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Windows 7: BSOD when starting Windows 7 for the first time (end of installation)

26 May 2013   #1
Pakundo

Windoes 7 Ultimate x64
 
 
BSOD when starting Windows 7 for the first time (end of installation)

Hello there people of the internet, I find myself in quite a bit of a problem.
Ever since April, something happened that caused me to get the "Desktop Windows Manager is disabled" problem, even though it was constantly running.
Aero stopped working, and my mouse would completely disappear to the left of the screen instead of stopping at the left most pixel.
Yesterday I've had enough of that, and seeing as uninstalling Internet Explorer 10 and that particular update that ended with 383 in its name did nothing to help it, I decided I might "upgrade" my existing Windows 7 Ultimate 64-bit installation to the same thing, thus essentially reinstalling.
After a very lengthy installation (understandable, apparently I have over a million files and the majority of my hard drive is full, I have around 75~GB free out of 460~), my PC restarted once more, and this time it was about to finalize Windows 7 by performing the "starting windows for the first time stage".
A few seconds into the loading screen, and I got this:
http://www.mediafire . com/convkey/c37b/xf6awn1sxdky5omfg.jpg
A BSOD with an error that doesn't mention any kind of file at all, just the following error: STOP: 0x0000001E (0xFFFFFFFFC0000005, 0xFFFFF88005DF24CO, 0x0000000000000000, 0x0000000000000000) That error keeps happening every time I try to boot up, and it seems that safe made can't finalize the installation itself, either.
I figured this means there is no way in **** I can save my current failed Windows 7 re-installation, so I thought I should just try and edit my main partition, reduce it by size a bit, then copy all my personal files to a new partition, then slowly decrease/increase partition sizes as I copy the files.
That could've been the end of it, except... I installed UBCD on a USB flash of mine and made it bootable, and then I opened gParted in it to try and edit the partition, except I couldn't, because I got alot of cluster accounting failure error lines on it.
Now, I'm pretty sure the hard drive itself is just fine, it's the failed Windows installation that did that, but my serious issue here is that I can't seem to be able to fix that windows installation, and I'm not sure what else I can do to at least make my main partition 'healthy" enough so I can freely resize it. Formatting my drive at the moment is simply not an option - I have no backups of the important files I have, and many of them date around years.
The ultimate last resort, where I disconnect my hard drive, connect it to another computer and copy my files that way (as it seemed I could browse through my drive via UBCD just fine, making it seem all the more likely it's only just about the problems the faulty installation caused) isn't quite an option at this time, though I will try to do that.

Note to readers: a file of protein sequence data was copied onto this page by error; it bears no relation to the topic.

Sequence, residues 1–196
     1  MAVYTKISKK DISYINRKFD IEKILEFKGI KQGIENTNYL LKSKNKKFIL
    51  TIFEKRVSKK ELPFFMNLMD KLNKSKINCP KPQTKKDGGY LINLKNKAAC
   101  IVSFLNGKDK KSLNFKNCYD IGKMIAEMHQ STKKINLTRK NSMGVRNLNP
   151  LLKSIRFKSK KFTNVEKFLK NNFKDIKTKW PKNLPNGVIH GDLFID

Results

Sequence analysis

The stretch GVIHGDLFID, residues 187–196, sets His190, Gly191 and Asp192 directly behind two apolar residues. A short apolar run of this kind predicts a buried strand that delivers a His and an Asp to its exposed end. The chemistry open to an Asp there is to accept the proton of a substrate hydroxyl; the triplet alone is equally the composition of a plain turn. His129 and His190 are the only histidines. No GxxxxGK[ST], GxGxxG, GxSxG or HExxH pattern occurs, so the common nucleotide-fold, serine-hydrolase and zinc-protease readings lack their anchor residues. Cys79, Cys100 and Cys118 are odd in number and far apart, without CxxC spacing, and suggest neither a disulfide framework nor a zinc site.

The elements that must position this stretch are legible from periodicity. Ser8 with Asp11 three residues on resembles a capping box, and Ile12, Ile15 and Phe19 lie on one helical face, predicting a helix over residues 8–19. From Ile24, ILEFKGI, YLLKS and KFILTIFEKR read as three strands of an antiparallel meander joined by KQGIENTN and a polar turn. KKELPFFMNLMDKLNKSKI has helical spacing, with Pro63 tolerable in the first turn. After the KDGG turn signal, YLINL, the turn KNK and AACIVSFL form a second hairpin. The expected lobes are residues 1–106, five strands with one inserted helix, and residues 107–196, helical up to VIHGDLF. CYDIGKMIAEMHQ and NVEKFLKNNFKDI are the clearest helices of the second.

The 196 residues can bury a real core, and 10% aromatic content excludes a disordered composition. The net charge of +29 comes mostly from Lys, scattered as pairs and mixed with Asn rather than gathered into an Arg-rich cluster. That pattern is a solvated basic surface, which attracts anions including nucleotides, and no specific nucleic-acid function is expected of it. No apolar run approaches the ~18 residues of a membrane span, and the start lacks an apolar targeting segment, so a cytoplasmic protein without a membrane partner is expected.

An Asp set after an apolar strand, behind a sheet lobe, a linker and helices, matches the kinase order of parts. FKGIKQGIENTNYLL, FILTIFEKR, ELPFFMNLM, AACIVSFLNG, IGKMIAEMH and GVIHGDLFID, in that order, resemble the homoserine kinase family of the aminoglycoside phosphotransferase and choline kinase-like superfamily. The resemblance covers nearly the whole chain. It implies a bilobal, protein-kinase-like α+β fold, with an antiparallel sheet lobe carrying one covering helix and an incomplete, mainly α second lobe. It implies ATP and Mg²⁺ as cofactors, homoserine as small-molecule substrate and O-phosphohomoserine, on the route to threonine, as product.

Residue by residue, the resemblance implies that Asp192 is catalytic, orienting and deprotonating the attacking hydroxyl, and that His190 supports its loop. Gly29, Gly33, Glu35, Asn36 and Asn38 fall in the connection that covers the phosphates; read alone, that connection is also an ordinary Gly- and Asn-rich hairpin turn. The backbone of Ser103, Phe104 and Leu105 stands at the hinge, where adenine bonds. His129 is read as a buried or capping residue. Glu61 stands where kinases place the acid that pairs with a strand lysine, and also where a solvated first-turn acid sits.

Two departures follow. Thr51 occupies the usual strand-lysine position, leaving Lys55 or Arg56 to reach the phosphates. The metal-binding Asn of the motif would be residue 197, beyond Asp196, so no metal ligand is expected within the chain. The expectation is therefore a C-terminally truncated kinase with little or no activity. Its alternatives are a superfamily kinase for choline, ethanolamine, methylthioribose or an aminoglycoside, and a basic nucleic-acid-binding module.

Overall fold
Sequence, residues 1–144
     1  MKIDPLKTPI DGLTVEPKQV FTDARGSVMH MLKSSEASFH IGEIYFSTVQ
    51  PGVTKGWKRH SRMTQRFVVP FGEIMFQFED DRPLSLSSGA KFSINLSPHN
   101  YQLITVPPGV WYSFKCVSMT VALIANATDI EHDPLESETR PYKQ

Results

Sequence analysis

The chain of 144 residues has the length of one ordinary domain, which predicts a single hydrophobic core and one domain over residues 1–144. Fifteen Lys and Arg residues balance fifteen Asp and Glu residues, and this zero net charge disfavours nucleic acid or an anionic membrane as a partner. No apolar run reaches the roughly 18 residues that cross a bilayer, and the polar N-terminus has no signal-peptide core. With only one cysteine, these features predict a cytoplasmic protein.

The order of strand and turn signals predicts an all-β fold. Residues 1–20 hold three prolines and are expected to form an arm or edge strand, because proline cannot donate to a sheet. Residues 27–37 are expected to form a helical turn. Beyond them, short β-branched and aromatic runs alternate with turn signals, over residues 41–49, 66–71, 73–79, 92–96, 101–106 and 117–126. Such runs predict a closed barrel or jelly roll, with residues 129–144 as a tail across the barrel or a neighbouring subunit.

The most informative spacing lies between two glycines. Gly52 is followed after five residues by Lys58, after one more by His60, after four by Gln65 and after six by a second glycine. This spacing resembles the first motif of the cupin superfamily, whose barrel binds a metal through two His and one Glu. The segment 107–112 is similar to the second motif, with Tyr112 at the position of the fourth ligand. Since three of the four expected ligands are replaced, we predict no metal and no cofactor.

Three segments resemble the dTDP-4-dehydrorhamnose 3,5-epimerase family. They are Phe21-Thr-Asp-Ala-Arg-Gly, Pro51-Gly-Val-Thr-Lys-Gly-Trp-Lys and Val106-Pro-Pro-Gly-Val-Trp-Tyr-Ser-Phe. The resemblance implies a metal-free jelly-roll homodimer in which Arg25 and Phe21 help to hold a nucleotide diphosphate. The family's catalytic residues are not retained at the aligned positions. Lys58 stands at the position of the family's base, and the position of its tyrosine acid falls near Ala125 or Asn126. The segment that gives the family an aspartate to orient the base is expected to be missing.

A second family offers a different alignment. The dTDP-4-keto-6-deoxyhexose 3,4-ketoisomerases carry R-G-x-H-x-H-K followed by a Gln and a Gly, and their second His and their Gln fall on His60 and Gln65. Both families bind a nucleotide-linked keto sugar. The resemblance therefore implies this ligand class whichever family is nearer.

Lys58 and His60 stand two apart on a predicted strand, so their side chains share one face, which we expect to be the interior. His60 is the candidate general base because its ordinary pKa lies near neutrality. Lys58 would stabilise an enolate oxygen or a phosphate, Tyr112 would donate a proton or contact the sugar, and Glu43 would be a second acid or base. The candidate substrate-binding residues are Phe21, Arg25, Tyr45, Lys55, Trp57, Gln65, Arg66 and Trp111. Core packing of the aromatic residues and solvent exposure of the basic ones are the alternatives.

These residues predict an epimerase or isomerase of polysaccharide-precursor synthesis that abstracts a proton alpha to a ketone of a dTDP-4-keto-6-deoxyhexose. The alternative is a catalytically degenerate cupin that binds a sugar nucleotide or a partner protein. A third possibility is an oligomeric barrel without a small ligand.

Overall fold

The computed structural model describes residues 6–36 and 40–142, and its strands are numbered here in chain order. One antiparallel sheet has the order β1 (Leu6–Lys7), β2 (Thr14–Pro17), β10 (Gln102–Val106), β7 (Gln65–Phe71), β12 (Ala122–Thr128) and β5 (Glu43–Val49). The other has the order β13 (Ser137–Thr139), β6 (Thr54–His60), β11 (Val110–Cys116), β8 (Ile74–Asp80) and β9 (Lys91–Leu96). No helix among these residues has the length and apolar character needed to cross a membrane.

I've already tried chkdsk, all other methods of repair installation via my Windows 7 install disk, I've tried all options with Bootrec.exe (which, btw, found no windows installations.) I'm going to try UBCD4Win, which apparently has alot of system utilities that may solve my problem.
In the meanwhile, does anyone have a suggestion for me? Anything I haven't tried yet? Anything I missed? Intel i5-2500 Quad Core @ standard clockrate of 3.3GHz, 4GB of functioning RAM, an Nvidia GTX 560 that isn't fault (I actually had a real faulty one replaced with this), and a standard 500GB hard-drive that never gave me problems before.


My System SpecsSystem Spec
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26 May 2013   #2
Arc

Microsoft Community Contributor Award Recipient

Microsoft Windows 10 Pro Insider Preview 64-bit
 
 

A stop 0x1E BSOD may be caused by various reasons.

According to Carrona.org, STOP 0x0000001E: KMODE_EXCEPTION_NOT_HANDLED
Usual causes:
Device driver, hardware, System service, compatibility, Remote control programs, memory, BIOS

From your post, that first parameter is 0xC0000005, which means: STATUS_ACCESS_VIOLATION A memory access violation occurred.

Either some driver causing/passing bad information to the memory, or a physical RAM is causing the problem.

Test your RAM modules for possible errors.
How to Test and Diagnose RAM Issues with Memtest86+
Run memtest for at least 8 passes, preferably overnight.

Not able to see your screenshot, but assuming that you cannot start the computer. Do you have access to another computer right now? If so, download Partition wizard Bootable CD (the last one in the link). Burn it in a blank CD or in a USB flash stick.

Boot into Partition Wizards GUI following this instructions. When you are on the last screen, take a camera snap of the screen and upload the snap here.
Screenshots and Files - Upload and Post in Seven Forums

We need to see the partitions and parameters.

If you want to start afresh, that is not impossible. You can copy all your data to an external disc, if you want. Follow Copy & Paste - in Windows Recovery Console.
My System SpecsSystem Spec
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 BSOD when starting Windows 7 for the first time (end of installation)




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